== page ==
Just before Christmas 2021, LBC | Capital President Dr. Thomas L. Kiedis announced that Pete Beers would take on the role of Vice President of Traditional Undergraduate Education effective Jan. 1—an interim position he’d held since April 2021. Beers has effectively led teams in Student Affairs, Admissions and Athletics while serving as an integral member of the President’s Cabinet. Traditional undergraduate refers to students who are typically 18- to 22-years-old, live on or near campus and are taking classes full time.
“Paul reminds us in Romans and 1 Corinthians that a variety of strengths builds a strong team, and I’m grateful for the strengths Pete brings to this role,” Kiedis said. “I’ve come to know Pete as a leader, a learner, a visionary and a person who truly loves the mission of LBC | Capital and who has a heart to see young adults become the people God created them to be. During his 22 years here at 901 Eden Road, Pete has grown with the campus and the college. He shares the history, the DNA and the vision we’re building for the coming years.”
LBC | Capital connected with Pete Beers about his vision for undergraduate education.
LBC | CAPITAL: You spent many years at Lancaster Bible College as Director of Athletics (a role now held by Rod Baughman). What did you learn about LBC and its students during your time in that position?
PETE BEERS: So many lessons learned. One lesson I learned later in life, probably later than I should have, is to be more caring during times of turmoil. In hindsight, I wish my pursuit of excellence and honesty would have been accompanied by kindness and gentleness. What I mean is, when changes needed to be made, not everyone was at the same point or conclusion, so taking the time to understand other perspectives might have helped in the processing of decisions and garnered respect rather than creating ill will. Another lesson I learned is to be willing to adjust from your ideals in order to accomplish a goal. Adapting, usually done through collaboration, potentially yields an even better result than your original ideal.
LBC: How is the role of Vice President of Traditional Undergraduate Education different than Athletics? Are there any parallels?
PB: The pace of the Athletics Department is constant with 20 sports (teams) creating constant activity. The pace of this new role might not be as frantic, but it is heavier in that the significance of decisions affect more of the whole experience of the traditional undergraduate student. The parallels, which I love, still involve the student experience, just a bit more expansive.
LBC: Describe LBC students. How are they making an impact today and what do you see for them in the future?
PB: I love the students, and I especially appreciate the involved student. I believe if we are going to thrive in fulfilling the mission of LBC, we must keep encouraging both involvement in the Church and serving others. The simple understanding of the challenge of loving God and loving others must be fleshed out in the laboratory of the traditional undergraduate experience.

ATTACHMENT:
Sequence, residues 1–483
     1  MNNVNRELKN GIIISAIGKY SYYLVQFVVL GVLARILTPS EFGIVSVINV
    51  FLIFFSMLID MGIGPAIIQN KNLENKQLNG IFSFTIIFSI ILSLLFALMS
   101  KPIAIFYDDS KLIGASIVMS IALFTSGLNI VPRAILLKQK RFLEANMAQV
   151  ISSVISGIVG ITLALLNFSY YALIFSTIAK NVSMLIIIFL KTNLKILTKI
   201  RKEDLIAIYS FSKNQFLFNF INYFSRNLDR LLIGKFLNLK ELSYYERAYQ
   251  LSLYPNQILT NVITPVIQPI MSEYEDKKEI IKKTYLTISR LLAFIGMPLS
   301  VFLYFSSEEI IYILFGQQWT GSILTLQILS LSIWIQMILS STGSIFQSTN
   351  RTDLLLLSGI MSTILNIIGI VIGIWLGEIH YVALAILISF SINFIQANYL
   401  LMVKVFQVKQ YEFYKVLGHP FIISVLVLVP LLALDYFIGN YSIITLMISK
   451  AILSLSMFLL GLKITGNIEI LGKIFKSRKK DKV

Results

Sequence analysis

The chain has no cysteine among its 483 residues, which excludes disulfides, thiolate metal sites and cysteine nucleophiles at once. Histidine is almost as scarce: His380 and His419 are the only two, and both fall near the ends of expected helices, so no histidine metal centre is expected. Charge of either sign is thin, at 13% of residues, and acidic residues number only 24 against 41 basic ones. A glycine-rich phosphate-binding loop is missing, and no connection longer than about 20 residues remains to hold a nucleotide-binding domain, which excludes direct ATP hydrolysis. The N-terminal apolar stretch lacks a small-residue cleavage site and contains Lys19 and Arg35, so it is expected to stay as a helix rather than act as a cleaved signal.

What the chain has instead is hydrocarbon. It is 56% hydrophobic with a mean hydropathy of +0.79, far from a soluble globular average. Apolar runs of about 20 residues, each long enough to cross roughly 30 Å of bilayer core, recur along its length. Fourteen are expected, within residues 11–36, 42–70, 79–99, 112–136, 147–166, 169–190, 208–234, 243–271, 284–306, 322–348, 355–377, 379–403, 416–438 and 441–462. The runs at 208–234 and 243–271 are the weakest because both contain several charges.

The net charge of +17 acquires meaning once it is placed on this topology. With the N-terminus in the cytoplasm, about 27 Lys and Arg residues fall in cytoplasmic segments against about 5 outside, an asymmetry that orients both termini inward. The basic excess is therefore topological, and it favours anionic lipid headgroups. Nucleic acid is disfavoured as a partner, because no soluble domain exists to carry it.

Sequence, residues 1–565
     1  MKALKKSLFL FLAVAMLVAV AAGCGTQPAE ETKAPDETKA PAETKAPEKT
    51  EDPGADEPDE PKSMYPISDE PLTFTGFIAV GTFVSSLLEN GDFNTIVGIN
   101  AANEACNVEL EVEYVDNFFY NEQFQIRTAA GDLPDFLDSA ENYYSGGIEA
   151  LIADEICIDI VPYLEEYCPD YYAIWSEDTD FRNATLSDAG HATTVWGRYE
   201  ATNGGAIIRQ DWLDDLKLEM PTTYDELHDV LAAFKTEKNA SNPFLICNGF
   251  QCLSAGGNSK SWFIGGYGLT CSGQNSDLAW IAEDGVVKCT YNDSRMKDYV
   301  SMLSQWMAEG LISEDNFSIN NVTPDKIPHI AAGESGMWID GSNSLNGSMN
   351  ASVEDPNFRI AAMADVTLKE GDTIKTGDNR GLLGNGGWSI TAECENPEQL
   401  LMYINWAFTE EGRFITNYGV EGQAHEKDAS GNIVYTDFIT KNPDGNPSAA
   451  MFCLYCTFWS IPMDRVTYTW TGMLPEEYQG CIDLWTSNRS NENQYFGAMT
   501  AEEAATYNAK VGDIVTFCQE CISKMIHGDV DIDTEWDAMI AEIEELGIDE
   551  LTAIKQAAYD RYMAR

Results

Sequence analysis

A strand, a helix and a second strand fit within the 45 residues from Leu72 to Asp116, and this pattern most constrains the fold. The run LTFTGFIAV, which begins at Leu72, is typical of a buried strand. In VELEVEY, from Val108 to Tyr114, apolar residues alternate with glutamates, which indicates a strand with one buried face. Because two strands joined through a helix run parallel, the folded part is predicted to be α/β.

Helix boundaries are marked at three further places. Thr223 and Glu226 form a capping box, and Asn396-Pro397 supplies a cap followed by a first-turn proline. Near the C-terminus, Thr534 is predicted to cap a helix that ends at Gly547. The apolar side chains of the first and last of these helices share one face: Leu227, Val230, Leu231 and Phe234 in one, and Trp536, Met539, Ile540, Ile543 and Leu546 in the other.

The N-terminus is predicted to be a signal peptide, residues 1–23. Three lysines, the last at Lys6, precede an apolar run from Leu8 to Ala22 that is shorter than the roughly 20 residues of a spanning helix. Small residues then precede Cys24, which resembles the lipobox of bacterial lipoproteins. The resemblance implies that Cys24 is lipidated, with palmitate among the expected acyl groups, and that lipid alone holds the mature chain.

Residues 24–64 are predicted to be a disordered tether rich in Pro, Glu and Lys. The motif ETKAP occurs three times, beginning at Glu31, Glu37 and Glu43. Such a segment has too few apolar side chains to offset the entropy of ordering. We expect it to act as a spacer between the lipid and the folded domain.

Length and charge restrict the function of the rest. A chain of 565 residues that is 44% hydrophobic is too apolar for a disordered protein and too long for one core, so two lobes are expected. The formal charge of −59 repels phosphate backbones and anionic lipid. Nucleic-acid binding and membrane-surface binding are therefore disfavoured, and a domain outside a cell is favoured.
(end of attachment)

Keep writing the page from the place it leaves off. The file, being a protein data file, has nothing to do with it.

LBC: What is your vision for Undergraduate Education at LBC | Capital?
PB: Lord willing, we can accomplish the goal of President Kiedis in making the traditional experience at 901 Eden Road a destination location. Part of that will involve an investment into the facilities, but the larger focus is making sure our people intentionally invest in our students each day.
LBC: What are three specific goals or outcomes you’d like to see in the realm of Traditional Undergraduate Education in 2022?
PB: My first goal is to improve the communication skills in our students. Learning to solve problems, show respect, disagree amiably and confront appropriately are skills that are desperately needed in our world today. A second goal is to see involvement in churches grow among our students. I echo our President in saying that an involved student in the local church is a vital part of the equipping process in our institution. Theory put into practice is critical to implementation. Finally, I want to keep improving the activities that can be experienced on campus so that application of learning and community among the LBC family can continue to grow together.
LBC: As you mentioned, President Kiedis has said many times that we want our beautiful campus at 901 Eden Road in Lancaster to be a destination location for undergraduate students who want a biblically integrated education taught by caring faculty members in an engaging community of believers. How will LBC continue to live up to that goal?
PB: We have been blessed with incredible faculty, coaches and staff who understand both the mission (of the college) and the heart of young people. Strengthening our foundational investment in the development of students gives way to having the tools and excellence to support the process. The college has many exciting developments for the Lancaster campus on the horizon that will help cultivate community and continue to accomplish kingdom work to honor God.